An open question in the adoption strategy is to what extent Ethereum needs to be a brand at all. When Ethereum is compared to something as generic as "the internet" or "HTML", the case can be made that to end users the Ethereum brand is not important at all. A strategy suggested for the first stages of adoption was through integration in familiar technologies like existing browsers, for example by marking DApps with an Ethereum logo similar to the lock icon for secure connections. Mougayar later elaborated how communicating the Ethereum narrative is important for adoption, and gave insights to entrepreneurs in the field.
Martin Köppelmann presented Circles, a project with a goal to realize a world wide universal basic income. While at first this might sound highly futuristic, given trends in automation and the ongoing replication of humans by robots in hardware or software form, basic income is a widely researched strategy to return the wealth generated by technology. Köppelmann discussed the challenges in decentralized basic income and the strategies used in Circles to handle the stability and reputation challenges.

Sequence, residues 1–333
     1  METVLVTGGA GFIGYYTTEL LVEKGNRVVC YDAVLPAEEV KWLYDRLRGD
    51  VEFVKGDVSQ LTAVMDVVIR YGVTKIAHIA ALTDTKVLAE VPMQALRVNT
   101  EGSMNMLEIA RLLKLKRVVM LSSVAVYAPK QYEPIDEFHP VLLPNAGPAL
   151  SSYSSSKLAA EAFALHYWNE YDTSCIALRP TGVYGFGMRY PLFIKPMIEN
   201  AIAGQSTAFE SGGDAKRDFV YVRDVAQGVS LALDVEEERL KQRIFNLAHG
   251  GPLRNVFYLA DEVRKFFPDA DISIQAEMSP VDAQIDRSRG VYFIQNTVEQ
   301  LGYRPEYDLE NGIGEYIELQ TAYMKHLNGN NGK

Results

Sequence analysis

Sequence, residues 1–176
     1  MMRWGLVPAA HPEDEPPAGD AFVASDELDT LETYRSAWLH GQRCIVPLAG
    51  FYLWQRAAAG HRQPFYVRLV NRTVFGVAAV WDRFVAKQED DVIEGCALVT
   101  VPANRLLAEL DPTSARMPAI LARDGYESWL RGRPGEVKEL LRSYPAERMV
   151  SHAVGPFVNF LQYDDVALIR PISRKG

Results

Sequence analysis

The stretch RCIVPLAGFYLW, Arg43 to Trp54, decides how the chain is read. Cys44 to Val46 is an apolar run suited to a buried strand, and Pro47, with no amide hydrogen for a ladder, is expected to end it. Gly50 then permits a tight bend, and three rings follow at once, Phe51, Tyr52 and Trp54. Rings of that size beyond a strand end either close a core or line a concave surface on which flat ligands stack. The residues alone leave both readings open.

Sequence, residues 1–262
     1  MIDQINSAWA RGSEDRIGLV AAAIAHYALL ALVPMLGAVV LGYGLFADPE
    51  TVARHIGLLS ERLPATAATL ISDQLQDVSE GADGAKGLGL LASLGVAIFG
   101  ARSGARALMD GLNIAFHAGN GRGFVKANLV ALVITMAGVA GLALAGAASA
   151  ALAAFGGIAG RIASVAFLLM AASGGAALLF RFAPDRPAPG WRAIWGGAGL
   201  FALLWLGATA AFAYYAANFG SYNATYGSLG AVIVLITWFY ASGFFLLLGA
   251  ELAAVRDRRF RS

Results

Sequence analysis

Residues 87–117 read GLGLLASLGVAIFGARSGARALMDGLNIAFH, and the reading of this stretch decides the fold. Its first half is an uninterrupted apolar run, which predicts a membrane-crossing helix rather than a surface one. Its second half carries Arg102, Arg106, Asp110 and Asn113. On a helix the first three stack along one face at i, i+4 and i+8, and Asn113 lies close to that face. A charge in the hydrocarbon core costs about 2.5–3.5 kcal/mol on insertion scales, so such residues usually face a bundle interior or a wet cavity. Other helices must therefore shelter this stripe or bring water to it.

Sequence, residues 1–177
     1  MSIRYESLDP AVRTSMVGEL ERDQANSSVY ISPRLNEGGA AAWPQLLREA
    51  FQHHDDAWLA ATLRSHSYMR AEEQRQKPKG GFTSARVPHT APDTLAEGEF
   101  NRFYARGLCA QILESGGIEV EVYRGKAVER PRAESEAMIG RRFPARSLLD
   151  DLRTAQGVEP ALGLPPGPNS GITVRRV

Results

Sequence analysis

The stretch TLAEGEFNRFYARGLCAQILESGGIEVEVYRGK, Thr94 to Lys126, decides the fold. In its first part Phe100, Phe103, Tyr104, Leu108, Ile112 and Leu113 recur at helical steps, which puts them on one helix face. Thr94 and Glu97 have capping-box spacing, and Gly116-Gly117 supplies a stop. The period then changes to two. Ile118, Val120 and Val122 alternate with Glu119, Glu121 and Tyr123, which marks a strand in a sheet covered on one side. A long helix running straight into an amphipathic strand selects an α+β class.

Elias Haase presented an approach to decentralized insurance. The insurance market is one of high numbers that has not been disrupted in a long time. Decentralized applications on Ethereum might change that. Haase described how the different factors in insurance like underwriting, risk analysis and claim processing currently are necessarily contained in a single centralized organization. Decentralization technology like Ethereum allows for putting each of these tasks in their own decentralized businesses working as a marketplace for insurance.
Jessi Baker of Provenance explained how supply chain traceability can only be solved in a decentralized manner, as it concerns all of the parties in a supply chain. Provenance is creating a platform to do just that, and have created an alliance with 40 brands to initiate it.
In a highly visual and hands-on presentation, Cyrus Adkisson demonstrated Etheria, a virtual world existing entirely on the Ethereum blockchain. As attendees learned in an earlier panel on gaming, the convergence of the real and virtual worlds will have a profound impact on society. To see a working early version of a fully decentralized world was very inspiring.